One example is the Centerview, an office development complex with 12-story office towers with a 33,000 square foot area of outdoor common spaces, bicycle storage and restaurants, designed by EMMES Realty Services of California LLC, who wanted to bring people together safely in public areas, while taking a break at work.
“During the pandemic, most outdoor spaces have rendered the best accommodation for work and safe social engagement,” said the lead architect, John Hill of Robinson Hill Architecture. “With such a large plaza, proper distancing is not a problem.”
For shady space, David B. Salkowitz, director of landscape architecture firm LandCreativeInc, wanted to turn the plaza into a mini urban forest with sail-like structures hovering over the space. “They are light and elegant in structure and provide visual and striking interest for this social plaza environment, while at the same time creating comfortable and intimate shaded gathering areas,” he said.
In Los Angeles, the Union Bank Plaza is undergoing a massive renovation, turning its chunky, 1960s, modernist-era designed building and outdoor into a spacious outdoor seating area with fire pits, to be completed this spring by HLW International LLP.
It’s what Justin Collins, a leasing agent for the building, calls “an entirely new vibe,” giving the downtown LA workplace a new garden retail setting, expanded seating areas, leafy landscaping, an indoor and outdoor conference center and fire pits.
The outdoor fireplace is going to pop up a lot this year. Private, outdoor fireplaces, according to Glenn Porto, president of The Landscape Architects Inc, is to provide a luxe environment on a budget (namely, a staycation in our own backyards). “The magic of an outdoor fireplace is that it creates a dramatic focal point and cozy space for relaxing” he said in a statement, “and gives people motivation to be outside even in cooler weather.”
Entertainment venues are changing, too. In Allen, Texas, one 135-acre outdoor space is turning into a multi-use entertainment, leisure, retail, and work venue called The Farm. It’s slated to open next year with a music stage, outdoor lawn with nine restaurants, shared dining space and a boardwalk, among other outdoor common areas.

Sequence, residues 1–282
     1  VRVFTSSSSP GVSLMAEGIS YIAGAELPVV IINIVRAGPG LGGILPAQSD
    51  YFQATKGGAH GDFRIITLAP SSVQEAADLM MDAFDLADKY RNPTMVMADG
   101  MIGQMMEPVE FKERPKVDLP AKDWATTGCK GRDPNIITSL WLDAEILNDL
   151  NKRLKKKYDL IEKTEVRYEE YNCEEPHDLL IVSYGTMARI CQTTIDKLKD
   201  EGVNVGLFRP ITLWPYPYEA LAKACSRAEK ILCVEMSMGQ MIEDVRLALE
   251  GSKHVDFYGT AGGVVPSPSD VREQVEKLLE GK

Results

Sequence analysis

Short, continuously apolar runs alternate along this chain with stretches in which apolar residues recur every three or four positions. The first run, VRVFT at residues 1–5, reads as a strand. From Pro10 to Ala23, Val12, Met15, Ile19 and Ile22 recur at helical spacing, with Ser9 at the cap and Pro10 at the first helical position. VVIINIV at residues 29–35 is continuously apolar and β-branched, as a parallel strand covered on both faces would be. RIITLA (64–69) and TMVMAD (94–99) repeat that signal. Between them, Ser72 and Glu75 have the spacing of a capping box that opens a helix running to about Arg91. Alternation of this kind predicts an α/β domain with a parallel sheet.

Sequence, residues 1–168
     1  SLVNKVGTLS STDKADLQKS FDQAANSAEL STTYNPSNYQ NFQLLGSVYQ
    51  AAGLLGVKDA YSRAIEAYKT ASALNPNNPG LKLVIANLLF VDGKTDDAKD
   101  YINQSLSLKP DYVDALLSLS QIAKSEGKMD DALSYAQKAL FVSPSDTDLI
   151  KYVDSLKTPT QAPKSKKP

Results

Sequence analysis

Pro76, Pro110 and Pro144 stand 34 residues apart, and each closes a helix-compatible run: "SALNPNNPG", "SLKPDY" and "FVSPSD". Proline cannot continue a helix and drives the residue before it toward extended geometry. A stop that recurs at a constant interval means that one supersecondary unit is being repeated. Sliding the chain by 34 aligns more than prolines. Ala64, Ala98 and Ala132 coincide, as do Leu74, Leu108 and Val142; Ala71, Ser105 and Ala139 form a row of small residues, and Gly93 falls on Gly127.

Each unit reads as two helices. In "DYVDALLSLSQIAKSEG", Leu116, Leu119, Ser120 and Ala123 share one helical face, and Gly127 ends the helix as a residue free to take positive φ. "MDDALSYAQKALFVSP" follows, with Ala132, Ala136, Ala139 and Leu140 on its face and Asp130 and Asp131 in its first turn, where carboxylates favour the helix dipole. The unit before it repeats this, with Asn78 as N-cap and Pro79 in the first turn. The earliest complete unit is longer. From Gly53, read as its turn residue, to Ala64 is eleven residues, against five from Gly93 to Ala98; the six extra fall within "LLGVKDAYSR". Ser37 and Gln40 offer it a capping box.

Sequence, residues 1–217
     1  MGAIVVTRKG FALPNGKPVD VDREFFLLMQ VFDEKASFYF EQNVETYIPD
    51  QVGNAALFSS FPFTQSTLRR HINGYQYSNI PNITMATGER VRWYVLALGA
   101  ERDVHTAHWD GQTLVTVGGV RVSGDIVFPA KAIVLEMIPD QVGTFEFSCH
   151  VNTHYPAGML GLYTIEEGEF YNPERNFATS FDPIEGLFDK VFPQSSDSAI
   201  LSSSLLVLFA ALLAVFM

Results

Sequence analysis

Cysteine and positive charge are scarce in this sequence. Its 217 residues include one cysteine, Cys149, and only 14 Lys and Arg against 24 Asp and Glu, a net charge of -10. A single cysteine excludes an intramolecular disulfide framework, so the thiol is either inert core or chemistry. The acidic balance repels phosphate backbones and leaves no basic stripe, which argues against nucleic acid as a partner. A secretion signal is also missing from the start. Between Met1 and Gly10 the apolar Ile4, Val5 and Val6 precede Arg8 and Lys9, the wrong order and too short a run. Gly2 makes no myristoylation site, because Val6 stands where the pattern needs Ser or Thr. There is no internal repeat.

There’s no doubt that urban landscape architecture is improving public space in cities around the world, from James Corner’s work on New York’s High Line, which has created a green pathway along former railway tracks, to Higham Hill Park in London by vPPR Architects, a wooden amphitheater for locals to gather.
It’s healthy. Scientists believe green spaces aren’t just good for nature and for our health, but our mental well-being, too, exercising and socializing more, attracting new tenants in cohesive neighborhoods. In one report, residents living near a park were three times more likely of being physically active, reducing obesity by 40 percent.
It isn’t just planting extra trees lining residential streets, though. One of the newest and most creative ways landscape design is entering the workplace is the new urban garden at the new Google mixed-use megaproject in Mountain View, California. A 40-acre space is being turned into office towers and housing spaces, allowing employees to live walking distance to work as part of their Middlefield Park Master Plan. Some are calling it a “massive corporate town,” showing that working from home is not always a done deal. With San Francisco’s rising rents, it isn’t affordable to the younger generation. Could this be an alternative? Mountain View is just a 40-minute drive away. The landscape, designed by landscape architects CMG, puts parks in between the residential buildings and the office towers, almost like buffer space.
In other places, greening is in the works. Syracuse recently released their urban forest plan, with a goal to plant 70,000 trees over the next 20 years. In Brooklyn’s district of Williamsburg, a new public beach is being built alongside a new park with a cove facing the East River, by Two Trees Management. It’s right by Domino Park, a riverside park in front of the Domino sugar factory, which has recently become a hub for Brooklynites to gather during the pandemic.
It’s almost as if every city is bracing itself for outdoor culture for the years to come, trying to accommodate outdoor activities for the next few years going forward. One of the big beneficiaries will be the landscape architecture industry. But will this outdoor, open-air socializing stay persist in an increasingly digitally minded world? Time will tell.